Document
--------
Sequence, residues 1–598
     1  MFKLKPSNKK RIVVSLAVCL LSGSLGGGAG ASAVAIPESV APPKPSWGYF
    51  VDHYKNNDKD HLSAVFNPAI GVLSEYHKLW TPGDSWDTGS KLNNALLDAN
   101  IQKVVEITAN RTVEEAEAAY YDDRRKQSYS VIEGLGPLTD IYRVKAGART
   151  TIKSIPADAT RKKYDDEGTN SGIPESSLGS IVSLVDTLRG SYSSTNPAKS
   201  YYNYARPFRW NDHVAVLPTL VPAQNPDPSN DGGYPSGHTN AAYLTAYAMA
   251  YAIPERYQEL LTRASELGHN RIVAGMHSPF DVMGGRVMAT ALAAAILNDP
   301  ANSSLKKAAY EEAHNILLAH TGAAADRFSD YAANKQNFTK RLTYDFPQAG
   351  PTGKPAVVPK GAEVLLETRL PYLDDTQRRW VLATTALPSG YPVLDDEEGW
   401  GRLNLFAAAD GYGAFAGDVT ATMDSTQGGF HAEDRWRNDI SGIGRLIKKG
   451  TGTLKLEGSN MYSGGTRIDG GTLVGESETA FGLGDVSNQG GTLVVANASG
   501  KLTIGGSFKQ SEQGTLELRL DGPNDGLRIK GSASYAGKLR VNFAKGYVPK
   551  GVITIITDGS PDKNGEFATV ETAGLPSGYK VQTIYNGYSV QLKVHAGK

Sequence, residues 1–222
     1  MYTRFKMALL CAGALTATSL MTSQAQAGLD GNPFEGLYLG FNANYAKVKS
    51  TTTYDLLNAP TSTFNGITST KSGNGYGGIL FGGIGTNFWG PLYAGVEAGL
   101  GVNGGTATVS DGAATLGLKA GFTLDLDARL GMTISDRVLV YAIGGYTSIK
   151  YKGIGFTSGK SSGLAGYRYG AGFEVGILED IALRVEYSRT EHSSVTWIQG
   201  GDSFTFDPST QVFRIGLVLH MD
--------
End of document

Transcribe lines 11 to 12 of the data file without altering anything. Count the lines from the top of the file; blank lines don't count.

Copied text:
   451  TGTLKLEGSN MYSGGTRIDG GTLVGESETA FGLGDVSNQG GTLVVANASG
   501  KLTIGGSFKQ SEQGTLELRL DGPNDGLRIK GSASYAGKLR VNFAKGYVPK